SQL Azure DB now supports Azure Active Directory based authentication (preview) and this needs some detailing as the official documentation is very high level. Below I am presenting the flow of this authentication mechanism so that you can create all sorts of permutations and combinations and deduce the behavior yourself for any scenario. I am taking example of a typical ASP.NET based website (say developed using C#) that access SQL Azure DB using Azure AD authentication.
The candidates involved in this scenario are described here:
- Client: Any one who tries to access SQL Azure DB. This could be SQL Management Studio or an ASP.NET web app running on IIS or a REST based Web API.
- SQL DB: The resource that we are trying to access.
- Azure AD: The Security Token Service whose tokens are needed by client to access SQL Azure DB
I will not go into the details of other well documented requirements like setting up contained DB, groups, admins,.NET 4.6 and above based client etc. You can read them here: https://azure.microsoft.com/en-in/documentation/articles/sql-database-aad-authentication/
I am taking a little bit bigger scenario involving both Windows AD and Azure AD and looking at different options at different stages of flow. This will help you comprehend simple scenarios easily.
In above scenario, we will see how a typical web app access Azure SQL DB using different ways.
(1) User is authenticated with web application. User could have authenticated using claims authentication, Kerberos or any other mechanism… it doesn’t matter. One thing in this step must be clear is that user is actually a local AD user. IIS website may or may not be using ADFS for authentication (this too doesn’t matter for our scenario).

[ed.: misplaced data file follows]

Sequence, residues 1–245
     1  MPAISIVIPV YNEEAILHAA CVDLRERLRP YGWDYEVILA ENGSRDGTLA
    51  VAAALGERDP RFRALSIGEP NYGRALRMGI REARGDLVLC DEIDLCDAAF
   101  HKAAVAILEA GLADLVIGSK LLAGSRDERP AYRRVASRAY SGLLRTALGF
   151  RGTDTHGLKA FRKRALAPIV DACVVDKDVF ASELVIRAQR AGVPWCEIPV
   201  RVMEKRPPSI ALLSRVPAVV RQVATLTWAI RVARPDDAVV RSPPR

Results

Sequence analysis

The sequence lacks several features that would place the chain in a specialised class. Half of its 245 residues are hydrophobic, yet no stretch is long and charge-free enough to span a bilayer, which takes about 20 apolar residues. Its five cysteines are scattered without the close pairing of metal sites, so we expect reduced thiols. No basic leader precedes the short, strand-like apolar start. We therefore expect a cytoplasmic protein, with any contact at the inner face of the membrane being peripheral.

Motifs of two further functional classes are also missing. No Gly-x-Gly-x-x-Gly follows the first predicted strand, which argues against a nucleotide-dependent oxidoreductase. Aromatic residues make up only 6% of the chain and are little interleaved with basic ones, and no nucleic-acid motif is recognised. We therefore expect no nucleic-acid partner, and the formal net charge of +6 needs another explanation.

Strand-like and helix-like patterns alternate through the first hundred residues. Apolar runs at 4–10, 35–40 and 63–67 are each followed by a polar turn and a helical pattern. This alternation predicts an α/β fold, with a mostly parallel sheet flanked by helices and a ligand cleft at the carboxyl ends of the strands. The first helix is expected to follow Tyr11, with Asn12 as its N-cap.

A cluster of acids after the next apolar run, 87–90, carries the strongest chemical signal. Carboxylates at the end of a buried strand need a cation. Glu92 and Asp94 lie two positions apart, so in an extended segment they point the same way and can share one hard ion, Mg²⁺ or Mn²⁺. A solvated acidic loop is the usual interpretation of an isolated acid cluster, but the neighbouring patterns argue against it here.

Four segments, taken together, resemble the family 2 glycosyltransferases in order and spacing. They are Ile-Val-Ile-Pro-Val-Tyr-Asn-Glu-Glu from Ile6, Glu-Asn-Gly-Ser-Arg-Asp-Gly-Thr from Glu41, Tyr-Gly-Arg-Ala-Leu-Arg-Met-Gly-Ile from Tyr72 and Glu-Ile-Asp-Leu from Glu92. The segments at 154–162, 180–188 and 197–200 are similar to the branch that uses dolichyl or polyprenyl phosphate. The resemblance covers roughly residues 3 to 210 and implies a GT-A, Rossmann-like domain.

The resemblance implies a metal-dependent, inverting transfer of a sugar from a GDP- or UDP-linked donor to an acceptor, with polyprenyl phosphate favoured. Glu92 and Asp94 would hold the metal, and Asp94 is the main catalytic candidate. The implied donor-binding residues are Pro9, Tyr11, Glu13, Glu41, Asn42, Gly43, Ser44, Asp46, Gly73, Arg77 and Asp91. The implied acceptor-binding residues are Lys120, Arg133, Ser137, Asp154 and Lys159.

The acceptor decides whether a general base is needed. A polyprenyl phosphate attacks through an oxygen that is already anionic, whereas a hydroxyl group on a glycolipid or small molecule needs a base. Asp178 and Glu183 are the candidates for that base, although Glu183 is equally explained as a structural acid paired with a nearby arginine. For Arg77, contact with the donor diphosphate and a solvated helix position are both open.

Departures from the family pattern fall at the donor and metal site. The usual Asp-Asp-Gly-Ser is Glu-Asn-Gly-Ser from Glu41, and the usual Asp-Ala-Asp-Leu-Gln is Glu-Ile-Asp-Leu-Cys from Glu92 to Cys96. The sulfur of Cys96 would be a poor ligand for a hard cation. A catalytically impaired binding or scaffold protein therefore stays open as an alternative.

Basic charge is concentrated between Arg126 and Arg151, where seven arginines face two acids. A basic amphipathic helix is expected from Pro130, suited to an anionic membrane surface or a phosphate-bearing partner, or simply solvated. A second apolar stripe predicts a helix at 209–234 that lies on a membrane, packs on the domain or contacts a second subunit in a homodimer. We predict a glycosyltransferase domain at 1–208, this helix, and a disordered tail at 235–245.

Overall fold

Now, before application could use SQL DB, it first need to obtain a valid token from Azure AD. Further steps explain that process.
(2) Before client/app can obtain token from Azure AD, it will obtain token from ADFS which is federated with Azure AD. This is performed using ws-trust protocol. This can be done using one of the below options depending on what the scenario is.
- Option 1: IIS web app can prompt user for his/her credentials, collect credentials and send them to ADFS to obtain a Token (T1). This does not require IIS web server to be domain joined.
- Option 2: If the user was authenticated with IIS web app using claims authentication then web app can use c2wts (impersonation) to authenticate with AD FS and obtain a Token (T1). This requires IIS server to be domain joined.
- Option 3: If the IIS web app is configured to use integrated Windows authentication with impersonation, then it can use Kerberos (constrained delegation) to authenticate with ADFS and obtain a Token (T1). This requires IIS web server to be domain joined (unless we used NTLM and made solution ugly).
- Option 4: IIS web app can use a fixed windows identity to access ADFS (irrespective of who the user is) and obtain a Token (T1) from ADFS. If you hardcode username/pwd then IIS web server doesn’t need to be domain joined, otherwise it would need to be domain joined and app pool running under that fixed AD user’s identity.
(3) No matter which option is used by IIS web app, ultimately IIS web app will get a Token (T1) from ADFS. This token T1 is meant for Azure AD and contains user’s attributes defined by claim rules in ADFS. The user could be either the end user or fixed identity (in case of option 4) depending on which option we choose as described above.
(4) Now, the IIS web app will send T1 to Azure AD. Azure AD will accept this token as there already is a federation between ADFS and Azure AD.
(5) Azure AD will verify the token T1 and look at user’s attributes and then create a new token (T2) for the same user to get another token (T2). This token (T2) will be returned to application.
(6) Then the IIS web app will use token T2 to access Azure SQL DB. Azure SQL DB trusts Azure AD issued tokens and allows access using that user’s identity (user of step 1).
Cloud & Security Consultant